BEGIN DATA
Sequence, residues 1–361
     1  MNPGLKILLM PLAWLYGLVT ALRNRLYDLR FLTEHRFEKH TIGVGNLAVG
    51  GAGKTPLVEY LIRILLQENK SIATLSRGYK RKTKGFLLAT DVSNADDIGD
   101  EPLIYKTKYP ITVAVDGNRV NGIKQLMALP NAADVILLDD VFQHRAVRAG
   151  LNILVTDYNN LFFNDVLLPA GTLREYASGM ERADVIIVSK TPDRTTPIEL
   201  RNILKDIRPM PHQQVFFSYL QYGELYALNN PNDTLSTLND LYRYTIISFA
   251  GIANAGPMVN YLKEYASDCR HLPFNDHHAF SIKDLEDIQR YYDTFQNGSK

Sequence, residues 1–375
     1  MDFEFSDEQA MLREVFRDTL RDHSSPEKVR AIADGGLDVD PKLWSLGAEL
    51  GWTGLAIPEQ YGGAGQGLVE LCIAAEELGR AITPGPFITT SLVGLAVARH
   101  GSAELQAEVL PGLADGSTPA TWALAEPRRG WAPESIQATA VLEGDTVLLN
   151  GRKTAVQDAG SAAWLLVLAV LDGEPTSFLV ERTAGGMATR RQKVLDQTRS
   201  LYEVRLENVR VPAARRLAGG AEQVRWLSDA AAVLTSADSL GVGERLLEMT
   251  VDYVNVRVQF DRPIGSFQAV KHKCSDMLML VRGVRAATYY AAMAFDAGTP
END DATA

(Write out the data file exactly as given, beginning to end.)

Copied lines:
Sequence, residues 1–361
     1  MNPGLKILLM PLAWLYGLVT ALRNRLYDLR FLTEHRFEKH TIGVGNLAVG
    51  GAGKTPLVEY LIRILLQENK SIATLSRGYK RKTKGFLLAT DVSNADDIGD
   101  EPLIYKTKYP ITVAVDGNRV NGIKQLMALP NAADVILLDD VFQHRAVRAG
   151  LNILVTDYNN LFFNDVLLPA GTLREYASGM ERADVIIVSK TPDRTTPIEL
   201  RNILKDIRPM PHQQVFFSYL QYGELYALNN PNDTLSTLND LYRYTIISFA
   251  GIANAGPMVN YLKEYASDCR HLPFNDHHAF SIKDLEDIQR YYDTFQNGSK

Sequence, residues 1–375
     1  MDFEFSDEQA MLREVFRDTL RDHSSPEKVR AIADGGLDVD PKLWSLGAEL
    51  GWTGLAIPEQ YGGAGQGLVE LCIAAEELGR AITPGPFITT SLVGLAVARH
   101  GSAELQAEVL PGLADGSTPA TWALAEPRRG WAPESIQATA VLEGDTVLLN
   151  GRKTAVQDAG SAAWLLVLAV LDGEPTSFLV ERTAGGMATR RQKVLDQTRS
   201  LYEVRLENVR VPAARRLAGG AEQVRWLSDA AAVLTSADSL GVGERLLEMT
   251  VDYVNVRVQF DRPIGSFQAV KHKCSDMLML VRGVRAATYY AAMAFDAGTP